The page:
Hello world. Welcome to my inaugural video
post for on10!
I was in Australia last week and decided to take a trip up to The Gold Coast
(Queensland, Australia) for some sun, sand, surf and of course, the 8th International Robotics Olympiad
Expecting to see Johnny 5
compete in the pentathlon or Alex J. Murphy
in the syncronised swimming I was pleasantly surprised to find that humans were not yet
slaves to the cyborg overlords although I was just a little disappointed in the notable absence of Optimus Prime, Megatron and Soundwave.
I was however absolutely amazed that primary school children
(that's children under 12 years of age) were building robots that could autonomously navigate through hazardous obstacle courses, climb stairs, clean rubbish from the beach and break dance. Yes ladies and gentlemen. Break dance.
Over 600 students from 15 countries around the globe attended this years conference competing in 19 different categories
ranging from exhibition and creativity to the fiercely competitive maze solving challenge.
I had wanted to interview some students competing in the maze challenge but was informed that this was not possible (at the time) as I might inadvertently provide some kind of assistance to a student which would result in their disqualification. Eek! I thought of explaining that at the age of 12 I couldn't even tie my own shoelaces and so was probably not in a position to give tips on how to code in assembly however I decided against.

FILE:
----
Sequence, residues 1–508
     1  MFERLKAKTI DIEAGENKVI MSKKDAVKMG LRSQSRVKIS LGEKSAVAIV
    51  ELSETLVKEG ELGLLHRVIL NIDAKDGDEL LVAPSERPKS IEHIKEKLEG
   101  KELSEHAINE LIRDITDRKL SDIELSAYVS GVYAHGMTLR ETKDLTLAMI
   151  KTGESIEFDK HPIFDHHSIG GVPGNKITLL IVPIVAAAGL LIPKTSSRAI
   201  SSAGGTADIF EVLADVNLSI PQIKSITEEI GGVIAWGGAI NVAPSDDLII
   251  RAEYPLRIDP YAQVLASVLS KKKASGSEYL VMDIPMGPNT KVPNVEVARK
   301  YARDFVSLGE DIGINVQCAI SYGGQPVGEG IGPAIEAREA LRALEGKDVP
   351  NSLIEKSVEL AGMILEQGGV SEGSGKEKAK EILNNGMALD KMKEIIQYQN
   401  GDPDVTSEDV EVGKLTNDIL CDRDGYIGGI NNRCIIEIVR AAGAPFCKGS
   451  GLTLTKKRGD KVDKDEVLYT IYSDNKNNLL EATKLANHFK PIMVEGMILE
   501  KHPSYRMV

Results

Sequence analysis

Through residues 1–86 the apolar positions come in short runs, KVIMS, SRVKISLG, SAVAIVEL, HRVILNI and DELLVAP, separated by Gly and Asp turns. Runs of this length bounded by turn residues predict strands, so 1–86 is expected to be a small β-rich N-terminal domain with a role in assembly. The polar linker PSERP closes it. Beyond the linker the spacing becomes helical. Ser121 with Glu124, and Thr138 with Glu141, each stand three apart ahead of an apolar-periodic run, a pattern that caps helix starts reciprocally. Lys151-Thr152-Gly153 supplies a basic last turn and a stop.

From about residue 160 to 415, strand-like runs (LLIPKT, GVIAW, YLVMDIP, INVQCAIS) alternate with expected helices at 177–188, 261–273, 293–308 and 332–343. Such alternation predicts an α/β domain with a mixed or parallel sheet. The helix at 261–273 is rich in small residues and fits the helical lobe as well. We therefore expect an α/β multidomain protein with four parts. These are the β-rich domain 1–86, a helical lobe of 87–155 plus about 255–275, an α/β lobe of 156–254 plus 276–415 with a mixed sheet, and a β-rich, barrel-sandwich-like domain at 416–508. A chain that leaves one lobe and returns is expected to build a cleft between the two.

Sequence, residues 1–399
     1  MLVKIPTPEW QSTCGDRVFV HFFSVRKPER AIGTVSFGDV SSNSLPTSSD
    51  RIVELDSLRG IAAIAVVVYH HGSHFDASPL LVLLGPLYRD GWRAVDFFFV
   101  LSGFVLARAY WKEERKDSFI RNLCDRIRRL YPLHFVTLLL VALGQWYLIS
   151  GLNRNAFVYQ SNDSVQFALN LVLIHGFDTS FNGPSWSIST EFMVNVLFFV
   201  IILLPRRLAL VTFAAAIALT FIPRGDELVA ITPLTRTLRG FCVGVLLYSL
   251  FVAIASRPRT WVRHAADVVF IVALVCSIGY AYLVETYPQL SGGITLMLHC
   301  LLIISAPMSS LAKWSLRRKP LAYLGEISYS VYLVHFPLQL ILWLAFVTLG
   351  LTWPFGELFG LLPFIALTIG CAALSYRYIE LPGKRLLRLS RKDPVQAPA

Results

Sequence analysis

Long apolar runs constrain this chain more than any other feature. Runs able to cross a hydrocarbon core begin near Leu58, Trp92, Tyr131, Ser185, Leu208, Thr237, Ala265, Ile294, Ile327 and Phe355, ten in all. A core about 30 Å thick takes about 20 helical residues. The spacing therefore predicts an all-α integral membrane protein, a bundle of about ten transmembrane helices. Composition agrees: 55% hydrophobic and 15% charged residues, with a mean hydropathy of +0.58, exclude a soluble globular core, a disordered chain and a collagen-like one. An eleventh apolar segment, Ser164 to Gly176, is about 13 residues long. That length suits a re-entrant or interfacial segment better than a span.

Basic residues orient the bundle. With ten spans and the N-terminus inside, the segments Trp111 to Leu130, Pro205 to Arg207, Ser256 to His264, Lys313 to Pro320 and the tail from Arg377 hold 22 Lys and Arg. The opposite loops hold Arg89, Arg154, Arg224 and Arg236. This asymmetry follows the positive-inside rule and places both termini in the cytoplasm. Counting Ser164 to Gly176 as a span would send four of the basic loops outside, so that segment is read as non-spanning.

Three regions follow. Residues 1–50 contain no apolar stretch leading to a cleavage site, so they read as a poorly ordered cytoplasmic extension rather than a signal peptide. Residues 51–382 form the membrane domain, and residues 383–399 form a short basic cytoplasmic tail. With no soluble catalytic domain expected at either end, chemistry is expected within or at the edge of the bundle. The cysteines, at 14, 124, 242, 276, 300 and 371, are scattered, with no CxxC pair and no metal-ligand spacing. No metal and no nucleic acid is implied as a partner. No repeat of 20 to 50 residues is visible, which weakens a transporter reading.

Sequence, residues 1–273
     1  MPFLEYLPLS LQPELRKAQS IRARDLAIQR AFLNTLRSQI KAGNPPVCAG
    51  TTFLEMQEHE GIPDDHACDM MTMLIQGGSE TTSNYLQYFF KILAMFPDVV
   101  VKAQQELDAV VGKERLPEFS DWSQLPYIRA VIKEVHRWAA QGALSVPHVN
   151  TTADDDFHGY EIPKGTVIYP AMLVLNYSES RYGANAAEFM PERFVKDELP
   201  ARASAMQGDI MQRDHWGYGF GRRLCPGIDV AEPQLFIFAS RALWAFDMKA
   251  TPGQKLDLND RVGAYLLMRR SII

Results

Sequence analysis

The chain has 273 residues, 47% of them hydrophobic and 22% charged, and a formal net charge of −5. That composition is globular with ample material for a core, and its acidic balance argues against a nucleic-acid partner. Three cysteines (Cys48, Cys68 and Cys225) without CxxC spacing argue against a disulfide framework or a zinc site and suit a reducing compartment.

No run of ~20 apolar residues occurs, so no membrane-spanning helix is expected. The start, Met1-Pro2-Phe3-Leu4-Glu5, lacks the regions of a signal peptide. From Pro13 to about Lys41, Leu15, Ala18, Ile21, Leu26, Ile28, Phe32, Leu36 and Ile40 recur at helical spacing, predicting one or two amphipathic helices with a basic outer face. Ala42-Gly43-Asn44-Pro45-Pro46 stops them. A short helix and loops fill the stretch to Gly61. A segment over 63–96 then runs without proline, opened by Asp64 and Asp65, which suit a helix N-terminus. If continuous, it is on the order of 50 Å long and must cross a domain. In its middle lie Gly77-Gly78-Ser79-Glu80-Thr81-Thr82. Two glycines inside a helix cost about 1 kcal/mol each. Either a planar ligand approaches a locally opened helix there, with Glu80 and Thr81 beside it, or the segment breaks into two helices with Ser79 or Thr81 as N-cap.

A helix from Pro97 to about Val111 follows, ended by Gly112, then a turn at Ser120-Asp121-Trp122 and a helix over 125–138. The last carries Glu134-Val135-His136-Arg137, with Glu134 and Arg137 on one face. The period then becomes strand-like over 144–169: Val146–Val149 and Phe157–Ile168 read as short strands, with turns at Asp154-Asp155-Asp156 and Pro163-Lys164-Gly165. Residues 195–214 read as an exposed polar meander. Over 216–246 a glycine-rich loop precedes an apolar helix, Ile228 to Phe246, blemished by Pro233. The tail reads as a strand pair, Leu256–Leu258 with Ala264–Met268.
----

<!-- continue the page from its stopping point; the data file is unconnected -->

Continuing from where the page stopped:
A big thank you to the team from Mexico who generously spent the best part of an hour explaining and demonstrating their amazing robot (Mexexanthe) that searches the forest for fires and relays data back to a central command station. Showing great ingenuity the team built what they couldn't buy/find including controller boards and light weight construction materials which you can see in the video.
Thanks to Dr Jun Jo
from Griffith University
for his time and the IROC volunteer crew who ran the entire four day event (and became very well acquainted with light gates and their idiosyncrasies as a result).
Thanks also to David L
(who covered IRO on his blog here
and actually builds robots) and James M for being my 'ring-in' camera men. The whole "Blair Witch Project" cinematography style doesn't really work in these situations.
If you're a student and interested in the competitive and fascinating world of robotics make sure you check out the IROC web site
for more information on the next competition which is due to be held in Singapore in 2007.